The mean HAD-D scores were 3.3 ± 1.8, 3.7 ± 1.7, and 3.0 ± 1.9 and the mean HAD-A scores were 4.7 ± 1.9, 4.9 ± 1.7, and 4.5 ± 2.0 in the MVI, SVI, and PVI groups, respectively. The mean HAD-D and HAD-A scores did not differ between the groups (P = 0.341 and P = 0.779, respectively).
Erectile function is strictly associated with health conditions and psychological mood.
Organic dysfunctions such as diabetes mellitus, cardiovascular diseases, penile disorders, and psychological disorders such as depression and anxiety can negatively affect erectile function. Disorders of the five senses may negatively affect erectile function and sexual arousal as well. However, the effects of sense disorders such as visual impairment generally have been underestimated until the end-stages are reached. Sexual visual cues trigger sexual arousal, and exposure to those visual cues increases one's sexual desire. Previous studies have indicated that visual function has had a great influence on sexuality and sexual satisfaction in both genders and reported similar comparison between females and males. Heine et al. and Strawbridge et al. suggested that patients with visual impairment may not perceive visible cues such as eye gaze, facial expressions, and gestures, and the absence of those visible cues may worsen individuals' functionality and well-being.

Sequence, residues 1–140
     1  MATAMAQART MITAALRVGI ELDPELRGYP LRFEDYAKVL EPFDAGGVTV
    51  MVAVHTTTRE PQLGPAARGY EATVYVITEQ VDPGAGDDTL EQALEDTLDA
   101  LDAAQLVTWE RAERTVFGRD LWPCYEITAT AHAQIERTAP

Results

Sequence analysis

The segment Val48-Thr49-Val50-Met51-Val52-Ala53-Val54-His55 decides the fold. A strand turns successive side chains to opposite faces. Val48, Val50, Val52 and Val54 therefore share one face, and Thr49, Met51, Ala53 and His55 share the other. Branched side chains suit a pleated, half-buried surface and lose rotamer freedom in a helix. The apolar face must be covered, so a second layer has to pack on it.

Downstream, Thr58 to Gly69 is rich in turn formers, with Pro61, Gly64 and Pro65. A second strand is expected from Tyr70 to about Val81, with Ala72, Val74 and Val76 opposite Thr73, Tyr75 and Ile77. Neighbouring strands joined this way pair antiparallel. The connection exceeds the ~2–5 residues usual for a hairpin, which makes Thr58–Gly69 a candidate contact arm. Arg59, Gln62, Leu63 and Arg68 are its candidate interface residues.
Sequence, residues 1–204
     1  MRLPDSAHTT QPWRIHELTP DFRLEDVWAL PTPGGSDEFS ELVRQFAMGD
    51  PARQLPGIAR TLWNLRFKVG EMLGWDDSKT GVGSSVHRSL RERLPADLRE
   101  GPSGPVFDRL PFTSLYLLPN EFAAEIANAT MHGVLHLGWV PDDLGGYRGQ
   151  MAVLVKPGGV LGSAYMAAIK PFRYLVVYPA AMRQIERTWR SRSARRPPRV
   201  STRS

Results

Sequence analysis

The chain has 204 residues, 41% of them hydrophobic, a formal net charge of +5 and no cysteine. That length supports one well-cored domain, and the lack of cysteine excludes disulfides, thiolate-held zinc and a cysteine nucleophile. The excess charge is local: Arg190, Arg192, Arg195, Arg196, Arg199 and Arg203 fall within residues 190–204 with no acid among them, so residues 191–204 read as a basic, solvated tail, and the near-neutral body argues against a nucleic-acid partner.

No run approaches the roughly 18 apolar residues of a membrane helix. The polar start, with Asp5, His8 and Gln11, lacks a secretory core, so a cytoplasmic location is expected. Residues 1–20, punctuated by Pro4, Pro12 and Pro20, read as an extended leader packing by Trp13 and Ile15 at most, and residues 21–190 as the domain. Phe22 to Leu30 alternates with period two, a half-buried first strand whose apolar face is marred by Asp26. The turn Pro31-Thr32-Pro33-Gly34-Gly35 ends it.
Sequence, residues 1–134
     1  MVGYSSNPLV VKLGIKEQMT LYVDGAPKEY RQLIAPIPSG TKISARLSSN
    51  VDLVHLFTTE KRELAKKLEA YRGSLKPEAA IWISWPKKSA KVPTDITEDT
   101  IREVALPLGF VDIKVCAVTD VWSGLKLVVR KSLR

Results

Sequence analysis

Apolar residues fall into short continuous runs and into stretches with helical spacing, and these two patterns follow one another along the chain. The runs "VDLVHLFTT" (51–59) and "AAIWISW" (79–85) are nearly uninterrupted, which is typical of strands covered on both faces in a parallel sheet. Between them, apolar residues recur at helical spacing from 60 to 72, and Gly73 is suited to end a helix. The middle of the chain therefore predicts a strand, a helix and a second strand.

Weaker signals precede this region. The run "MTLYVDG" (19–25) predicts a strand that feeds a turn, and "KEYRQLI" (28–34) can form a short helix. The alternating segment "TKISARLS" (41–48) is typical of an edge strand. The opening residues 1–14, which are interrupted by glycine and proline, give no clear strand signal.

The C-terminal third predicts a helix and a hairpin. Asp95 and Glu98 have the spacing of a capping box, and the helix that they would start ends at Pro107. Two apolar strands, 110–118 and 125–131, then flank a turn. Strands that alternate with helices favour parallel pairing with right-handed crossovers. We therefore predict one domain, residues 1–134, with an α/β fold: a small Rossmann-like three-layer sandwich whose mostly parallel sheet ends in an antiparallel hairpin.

Previous studies have focused on the association of permanent visual impairment or blindness and sexual interaction in both genders. However, to our knowledge, the effects of visual acuity on sexual relations have not been investigated yet in the literature. Our study results revealed that improvements in visual acuity in patients with mild and MVI, as defined by the ICO, did not affect sexual function. Our study results also suggest that a decrease in visual acuity did not affect sexual function until a critical point. Specifically, binocular visual acuity of 1.0 logMAR or higher (20/200) in patients with severe and PVI, as defined by the ICO, significantly restricts the quality of emotional sexual interaction. In the literature, to our knowledge, no study has reported a cutoff value for visual acuity that negatively affects sexual functionality. Previous studies have reported various cutoff values for visual acuity varying from 0.3 to 0.7 logMAR that negatively affect the vision-related quality of life. Broman et al. suggested that the impact of cataract on patient quality of life was driven by its negative effect on visual acuity alone. Cahill et al. noted that patients with a mean visual acuity of 20/100 present difficulties with distance and near tasks and color vision. Distance, near, and color vision are essential for the perception of sexual visual cues and sexual interactions. Based on our study results and previous reports, visual acuity that negatively affects sexual function is lower than those that restrict daily activity. Previous studies have evaluated the daily activities that are directly associated with quality of sight; however, sight is just one of the five major senses required for a healthy sexual reaction. Therefore, to our knowledge, the impact of sight quality on sexual function in male patients may not be as striking as the impact on vision-related daily activities. This may be an explanation for why there is a difference between the visual acuity levels that restrict daily activity and sexual function, respectively.